Season 11 (November 26, 1979 – May 23, 1980)
In 2019, it isn’t hard to find people complaining online that blockbuster movies have taken over the film industry. But in 1980, blockbuster movies took over Sesame Street instead. That’s right, today we’re looking at season 11’s two episodes where R2-D2 and C-3PO visit Sesame Street.
The most famous scene finds R2-D2 falling in love with a fire hydrant, but the Star Wars Droids get plenty to do:
They get some oil from the Fix-It Shop.
They say the alphabet with Bob.
They deliver a hologram message to Oscar from Lothar the Space Grouch.
We get confirmation that Artoo understands American Sign Language, and Linda touches his head to hear him based on how he’s rumbling.
All of this is delightful. The writers are clearly thrilled to play around with these characters, and it’s a true joy to watch. So it’s perfectly fine that these episodes are remembered as “The Star Wars ones.” But we all know that street scenes account for maybe fifteen minutes of any given Sesame Street episode. So that leaves 45 minutes in each episode. Let’s talk about what else happens.
There’s a hilarious Sesame Street News Flash about the Tortoise & the Hare, featuring Frank Oz as a slow-talking tortoise. There’s a cartoon where the letter J hooks up with various other letter cars to make words. There’s a film about baby zoo animals being fed milk from a bottle.
We get to hear the gorgeous harmonies of Jerry Nelson, Joe Raposo, and Jeff Moss as a barbershop trio singing “High, Middle, Low.” We get to see a Valentine’s Day heart transform into a Valentine’s Day chicken. We get to watch a wombat scratch itself for thirty seconds.
Lena Horne sings “Bein’ Green” to Kermit. Ernie works himself into a frenzy wondering why Bert isn’t home yet. Beans and Milk both make their way from farm to pantry. Some otters slide around on the ice. Caterpillars never wear brown boots.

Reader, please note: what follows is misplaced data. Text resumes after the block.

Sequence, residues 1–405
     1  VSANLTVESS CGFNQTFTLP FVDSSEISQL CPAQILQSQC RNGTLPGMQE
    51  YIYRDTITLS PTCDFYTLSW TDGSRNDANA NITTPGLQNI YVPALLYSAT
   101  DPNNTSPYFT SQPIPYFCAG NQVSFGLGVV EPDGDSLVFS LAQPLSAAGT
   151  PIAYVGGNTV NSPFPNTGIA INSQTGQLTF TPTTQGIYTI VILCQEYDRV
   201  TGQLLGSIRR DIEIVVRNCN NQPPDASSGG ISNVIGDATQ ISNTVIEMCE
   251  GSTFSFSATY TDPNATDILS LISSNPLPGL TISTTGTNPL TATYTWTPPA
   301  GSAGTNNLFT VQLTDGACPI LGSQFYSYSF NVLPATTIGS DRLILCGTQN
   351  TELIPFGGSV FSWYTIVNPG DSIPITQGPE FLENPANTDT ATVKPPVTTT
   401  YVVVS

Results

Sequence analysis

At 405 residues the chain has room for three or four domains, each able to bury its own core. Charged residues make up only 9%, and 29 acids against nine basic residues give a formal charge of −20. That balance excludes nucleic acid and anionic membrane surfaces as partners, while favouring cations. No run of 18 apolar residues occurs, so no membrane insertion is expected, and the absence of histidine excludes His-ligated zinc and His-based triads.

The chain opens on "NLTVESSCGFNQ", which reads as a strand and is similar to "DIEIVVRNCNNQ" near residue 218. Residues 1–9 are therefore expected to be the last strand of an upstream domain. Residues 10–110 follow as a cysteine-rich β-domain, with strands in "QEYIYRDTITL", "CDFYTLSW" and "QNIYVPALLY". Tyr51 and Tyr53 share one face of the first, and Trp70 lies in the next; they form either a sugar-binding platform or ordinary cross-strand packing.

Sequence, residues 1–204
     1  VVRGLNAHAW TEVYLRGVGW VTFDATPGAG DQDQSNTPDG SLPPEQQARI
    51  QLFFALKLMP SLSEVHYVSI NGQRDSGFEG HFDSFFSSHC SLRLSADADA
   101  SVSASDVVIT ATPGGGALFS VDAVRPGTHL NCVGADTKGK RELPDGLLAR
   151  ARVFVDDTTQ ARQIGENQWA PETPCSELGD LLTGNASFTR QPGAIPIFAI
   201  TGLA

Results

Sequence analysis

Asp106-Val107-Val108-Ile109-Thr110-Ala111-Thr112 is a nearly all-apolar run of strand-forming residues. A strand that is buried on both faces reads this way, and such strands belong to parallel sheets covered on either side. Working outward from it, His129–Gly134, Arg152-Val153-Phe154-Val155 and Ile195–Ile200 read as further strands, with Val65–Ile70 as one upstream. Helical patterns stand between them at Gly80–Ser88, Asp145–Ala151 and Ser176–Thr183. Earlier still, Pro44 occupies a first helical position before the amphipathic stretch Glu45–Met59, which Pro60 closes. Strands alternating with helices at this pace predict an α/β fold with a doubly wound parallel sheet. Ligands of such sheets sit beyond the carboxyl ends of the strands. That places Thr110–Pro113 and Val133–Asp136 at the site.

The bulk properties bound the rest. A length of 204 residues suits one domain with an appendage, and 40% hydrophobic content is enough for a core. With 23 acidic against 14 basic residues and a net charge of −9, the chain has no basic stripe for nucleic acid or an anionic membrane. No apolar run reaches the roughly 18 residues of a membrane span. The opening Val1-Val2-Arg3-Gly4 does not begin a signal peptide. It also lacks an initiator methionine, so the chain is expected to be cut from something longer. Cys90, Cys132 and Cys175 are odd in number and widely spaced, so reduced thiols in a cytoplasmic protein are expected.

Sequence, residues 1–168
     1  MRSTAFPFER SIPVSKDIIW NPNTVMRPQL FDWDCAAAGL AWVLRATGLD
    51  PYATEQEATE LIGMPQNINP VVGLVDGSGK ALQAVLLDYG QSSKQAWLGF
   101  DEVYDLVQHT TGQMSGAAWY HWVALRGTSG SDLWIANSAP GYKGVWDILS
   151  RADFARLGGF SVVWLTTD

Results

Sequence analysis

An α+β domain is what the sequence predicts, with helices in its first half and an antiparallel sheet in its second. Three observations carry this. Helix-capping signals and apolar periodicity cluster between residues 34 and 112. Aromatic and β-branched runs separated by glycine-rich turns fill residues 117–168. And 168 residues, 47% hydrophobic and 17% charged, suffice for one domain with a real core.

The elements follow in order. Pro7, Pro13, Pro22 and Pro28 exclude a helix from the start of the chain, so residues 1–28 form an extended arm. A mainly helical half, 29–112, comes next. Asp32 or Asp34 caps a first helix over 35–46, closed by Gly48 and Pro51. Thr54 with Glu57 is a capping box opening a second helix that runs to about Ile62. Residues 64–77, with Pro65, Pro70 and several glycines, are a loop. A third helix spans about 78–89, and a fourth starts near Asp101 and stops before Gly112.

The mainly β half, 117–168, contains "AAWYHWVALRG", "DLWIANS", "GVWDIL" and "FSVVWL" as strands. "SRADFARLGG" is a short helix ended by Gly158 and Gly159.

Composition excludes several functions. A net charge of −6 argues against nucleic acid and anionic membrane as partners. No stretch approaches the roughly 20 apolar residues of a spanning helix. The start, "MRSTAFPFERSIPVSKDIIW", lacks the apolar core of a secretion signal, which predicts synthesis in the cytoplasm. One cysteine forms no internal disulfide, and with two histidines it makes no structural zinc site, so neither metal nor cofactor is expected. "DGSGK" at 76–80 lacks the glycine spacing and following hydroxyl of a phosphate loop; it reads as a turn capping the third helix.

So, all in all, a pair of typical Sesame Street episodes. A whole bunch of stuff smashed together, some of it brilliant and some of it bizarre. But, most importantly for our purposes, almost none of it was new except for the street scenes. Now, dozens of new segments were made for season 11, but they mostly don’t appear in these particular episodes.
Between both of these episodes, there’s exactly one sketch that was made for season 11 – the one where Grover tries to sell Kermit a toothbrush. Even that had debuted in an earlier episode of the season. Everything else was old. To pick two random examples that I linked to above, “Here Come the Beans” is from season 5, and “High, Middle, Low” debuted all the way back in season 2. These are clip shows, because every episode of Sesame Street is a clip show.
Among those clips, we can even find gems that we’ve never seen before. In particular, one of these episodes contains a sketch called “The Cursed Prince” that’s one of the most brilliant things I’ve ever seen on Sesame Street. In it, Grover narrates the story of the Cursed Prince (played by David) and his beloved princess (Maria). From that basic setup, it goes to some absurd and hilarious places. Go watch it right now.